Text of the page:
Frustrated and confused I head out into a corridor, have a look around and promptly die. The first door I open reveals a half-naked starving man – or at least man-shaped thing. It could be a zombie, even carrying a torch it’s so dark I can’t tell. Besides, he’s hitting my with an axe so I don’t have time for sight-seeing. Aha! Finally! The game’s vaunted combat! Time for it to shine! No. I die. I’m not sure I even hit the thing once.

He stood there staring for a while.  Perhaps he was wondering if I were edible.  Then he hit me and I died.

He stood there staring for a while. Perhaps he was wondering if I were edible. Then he hit me and I died.

I start over. This time I go armed with a great big lump of wood held in two hands that promises to do much more damage. I can’t see a thing so I’m constantly swapping it out with the torch. I die again. This time I get a couple of hits in but it doesn’t seem to do anything. So back to Youtube. Oh. It looks like I’m not supposed to engage at all and the whole video is a big cat and mouse game.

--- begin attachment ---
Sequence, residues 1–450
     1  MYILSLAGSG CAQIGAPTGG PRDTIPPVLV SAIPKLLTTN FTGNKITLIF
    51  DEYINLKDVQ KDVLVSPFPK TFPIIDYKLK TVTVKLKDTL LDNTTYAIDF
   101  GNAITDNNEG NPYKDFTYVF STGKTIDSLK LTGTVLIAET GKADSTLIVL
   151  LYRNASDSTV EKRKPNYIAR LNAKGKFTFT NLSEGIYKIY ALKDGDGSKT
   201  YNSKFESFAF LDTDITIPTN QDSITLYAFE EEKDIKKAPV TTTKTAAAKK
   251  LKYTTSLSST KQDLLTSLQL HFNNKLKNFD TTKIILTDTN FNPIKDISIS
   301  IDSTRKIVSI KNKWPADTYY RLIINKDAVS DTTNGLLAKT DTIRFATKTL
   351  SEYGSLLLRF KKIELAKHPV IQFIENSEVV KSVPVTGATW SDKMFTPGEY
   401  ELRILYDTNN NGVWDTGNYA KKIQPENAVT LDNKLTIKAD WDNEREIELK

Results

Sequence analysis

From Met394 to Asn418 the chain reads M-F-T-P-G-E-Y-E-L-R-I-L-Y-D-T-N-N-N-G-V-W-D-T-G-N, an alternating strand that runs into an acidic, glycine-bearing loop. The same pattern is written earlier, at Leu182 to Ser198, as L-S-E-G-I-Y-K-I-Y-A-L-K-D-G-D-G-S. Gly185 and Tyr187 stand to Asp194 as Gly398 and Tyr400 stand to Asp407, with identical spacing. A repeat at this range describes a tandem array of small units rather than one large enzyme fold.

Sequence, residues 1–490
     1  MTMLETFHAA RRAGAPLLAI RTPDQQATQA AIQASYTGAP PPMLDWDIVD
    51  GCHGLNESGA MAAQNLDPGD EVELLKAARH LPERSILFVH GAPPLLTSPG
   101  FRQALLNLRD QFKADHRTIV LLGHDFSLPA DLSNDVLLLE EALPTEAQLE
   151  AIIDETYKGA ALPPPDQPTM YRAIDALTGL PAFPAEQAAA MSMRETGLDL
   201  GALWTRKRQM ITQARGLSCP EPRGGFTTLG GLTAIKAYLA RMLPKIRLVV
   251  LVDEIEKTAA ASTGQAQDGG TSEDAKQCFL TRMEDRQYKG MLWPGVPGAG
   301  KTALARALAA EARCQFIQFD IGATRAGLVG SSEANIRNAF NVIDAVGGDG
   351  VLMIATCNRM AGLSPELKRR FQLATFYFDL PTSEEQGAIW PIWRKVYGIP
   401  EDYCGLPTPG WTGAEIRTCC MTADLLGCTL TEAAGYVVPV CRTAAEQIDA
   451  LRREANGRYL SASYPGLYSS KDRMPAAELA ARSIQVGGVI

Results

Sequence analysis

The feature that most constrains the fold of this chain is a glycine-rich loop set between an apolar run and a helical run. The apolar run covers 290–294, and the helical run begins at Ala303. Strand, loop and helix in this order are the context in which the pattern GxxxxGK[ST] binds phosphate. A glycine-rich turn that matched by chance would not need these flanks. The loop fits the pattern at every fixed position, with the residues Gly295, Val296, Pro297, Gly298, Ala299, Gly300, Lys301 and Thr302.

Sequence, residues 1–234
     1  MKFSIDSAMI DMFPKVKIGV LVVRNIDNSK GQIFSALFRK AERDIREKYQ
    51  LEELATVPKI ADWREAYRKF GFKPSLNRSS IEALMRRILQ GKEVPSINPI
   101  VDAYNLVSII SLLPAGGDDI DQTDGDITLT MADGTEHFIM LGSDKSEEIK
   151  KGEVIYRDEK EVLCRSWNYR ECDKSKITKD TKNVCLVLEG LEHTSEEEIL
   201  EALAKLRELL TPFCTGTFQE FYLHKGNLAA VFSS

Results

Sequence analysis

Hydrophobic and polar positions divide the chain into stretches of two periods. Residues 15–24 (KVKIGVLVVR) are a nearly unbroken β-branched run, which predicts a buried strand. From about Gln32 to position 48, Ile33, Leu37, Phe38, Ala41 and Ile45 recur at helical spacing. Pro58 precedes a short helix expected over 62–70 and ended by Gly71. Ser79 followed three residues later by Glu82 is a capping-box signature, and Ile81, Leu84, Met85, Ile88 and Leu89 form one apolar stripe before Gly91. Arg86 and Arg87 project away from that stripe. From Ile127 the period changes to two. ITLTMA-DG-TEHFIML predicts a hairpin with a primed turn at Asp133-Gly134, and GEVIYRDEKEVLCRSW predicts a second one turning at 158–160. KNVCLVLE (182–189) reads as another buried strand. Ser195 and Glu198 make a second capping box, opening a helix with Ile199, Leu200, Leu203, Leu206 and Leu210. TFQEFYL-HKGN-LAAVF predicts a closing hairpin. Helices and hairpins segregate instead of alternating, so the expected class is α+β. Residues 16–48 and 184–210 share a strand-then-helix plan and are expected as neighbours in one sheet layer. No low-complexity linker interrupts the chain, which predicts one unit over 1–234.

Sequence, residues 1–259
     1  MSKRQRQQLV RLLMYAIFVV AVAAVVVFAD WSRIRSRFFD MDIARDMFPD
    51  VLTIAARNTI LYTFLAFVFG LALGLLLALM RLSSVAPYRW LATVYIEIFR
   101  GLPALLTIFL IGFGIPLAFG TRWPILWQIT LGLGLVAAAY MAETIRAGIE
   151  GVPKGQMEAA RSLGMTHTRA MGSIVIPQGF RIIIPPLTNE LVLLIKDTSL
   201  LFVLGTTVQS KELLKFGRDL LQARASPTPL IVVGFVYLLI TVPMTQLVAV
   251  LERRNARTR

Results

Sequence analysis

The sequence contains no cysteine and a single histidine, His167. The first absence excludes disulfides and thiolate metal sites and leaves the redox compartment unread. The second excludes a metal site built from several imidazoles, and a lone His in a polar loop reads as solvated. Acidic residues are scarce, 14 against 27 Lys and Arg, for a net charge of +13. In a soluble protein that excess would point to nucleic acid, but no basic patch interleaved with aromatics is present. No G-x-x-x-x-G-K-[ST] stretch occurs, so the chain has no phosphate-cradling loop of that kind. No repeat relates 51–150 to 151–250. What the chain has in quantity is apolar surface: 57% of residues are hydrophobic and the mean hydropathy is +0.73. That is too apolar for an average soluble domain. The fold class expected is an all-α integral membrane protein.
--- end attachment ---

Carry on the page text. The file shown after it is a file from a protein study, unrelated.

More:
One more go. I ignored everyone and just explored. I’ll say this for Exanima: it’s full of stuff. There’s more clutter in here than almost any other game I can think of. It really did feel like I was running around a once-used, now mostly abandoned space, not just a series of rooms designed to hold gameplay. Then I ran into a door that wouldn’t open, I got cornered, and I died.

This door has subtle differences to the others.  One being that it's locked, another that it has a dead adventurer slumped against it.

This door has subtle differences to the others. One being that it’s locked, another that it has a dead adventurer slumped against it.